Former FBI Director James Comey said he isn't sure tapes of his conversation with President Trump exist, but he would welcome them if they did.
"I've seen the tweet about tapes. Lordy, I hope there are tapes," Comey told members of the Senate Intelligence Committee in an open hearing Thursday.
"The President surely knows whether he taped me, and if he did, my feelings aren't hurt. Release all the tapes, I'm good with that," Comey said later on in the testimony.
The White House has never confirmed or denied that Trump tapes his conversations.
On May 12, three days after Trump fired Comey, he tweeted, "James Comey better hope that there are no "tapes" of our conversations before he starts leaking to the press!"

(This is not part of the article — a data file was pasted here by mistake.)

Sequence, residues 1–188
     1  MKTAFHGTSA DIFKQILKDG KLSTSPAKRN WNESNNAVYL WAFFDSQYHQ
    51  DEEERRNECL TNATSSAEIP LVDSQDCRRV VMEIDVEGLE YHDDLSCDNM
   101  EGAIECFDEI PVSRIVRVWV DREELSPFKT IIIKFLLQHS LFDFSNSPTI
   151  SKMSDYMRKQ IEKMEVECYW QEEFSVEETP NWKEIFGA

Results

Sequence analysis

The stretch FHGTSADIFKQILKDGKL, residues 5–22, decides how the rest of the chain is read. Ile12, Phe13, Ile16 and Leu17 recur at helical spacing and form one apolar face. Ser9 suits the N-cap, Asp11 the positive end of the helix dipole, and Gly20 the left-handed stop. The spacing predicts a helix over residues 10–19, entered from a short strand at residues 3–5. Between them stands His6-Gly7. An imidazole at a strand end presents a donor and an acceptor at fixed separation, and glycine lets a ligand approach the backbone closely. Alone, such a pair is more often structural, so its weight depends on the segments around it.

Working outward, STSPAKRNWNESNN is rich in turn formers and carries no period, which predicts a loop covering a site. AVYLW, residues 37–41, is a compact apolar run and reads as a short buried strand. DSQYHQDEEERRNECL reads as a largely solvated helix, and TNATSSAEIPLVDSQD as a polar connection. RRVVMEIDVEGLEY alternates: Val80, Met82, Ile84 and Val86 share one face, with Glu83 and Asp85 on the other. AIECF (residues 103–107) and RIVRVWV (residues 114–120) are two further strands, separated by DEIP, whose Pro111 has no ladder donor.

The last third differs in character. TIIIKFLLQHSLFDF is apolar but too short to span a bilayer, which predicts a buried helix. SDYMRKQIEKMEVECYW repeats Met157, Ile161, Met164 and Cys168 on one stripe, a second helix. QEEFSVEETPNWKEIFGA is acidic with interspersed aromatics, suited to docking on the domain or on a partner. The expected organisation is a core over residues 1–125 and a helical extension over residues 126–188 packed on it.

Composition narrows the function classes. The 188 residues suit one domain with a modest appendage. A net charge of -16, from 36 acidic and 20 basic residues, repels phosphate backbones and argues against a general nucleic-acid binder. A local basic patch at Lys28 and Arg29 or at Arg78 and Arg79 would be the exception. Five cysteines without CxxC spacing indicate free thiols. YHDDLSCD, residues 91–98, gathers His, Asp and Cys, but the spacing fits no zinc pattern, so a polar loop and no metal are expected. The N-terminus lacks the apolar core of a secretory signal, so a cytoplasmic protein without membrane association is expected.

By that point, the President had already backtracked on his reasons for firing Comey. Initially citing the way he had handled Hillary Clinton's private email server - which invoked skepticism and outrage on both sides of the aisle—he switched course later in the week, telling NBC News' Lester Holt his decision centered around the FBI's investigation into Russian interference in the election, which Comey had confirmed was happening in a congressional testimony in March.
On May 11, one day before Trump's tweet, the New York Times had reported that at a January 27 dinner at the White House, Trump had asked Comey for his complete loyalty—even though the FBI is supposed to remain non-partisan - and he demurred. This report is corroborated in Comey's testimony, which the Senate Intelligence Committee released Wednesday ahead of his hearing.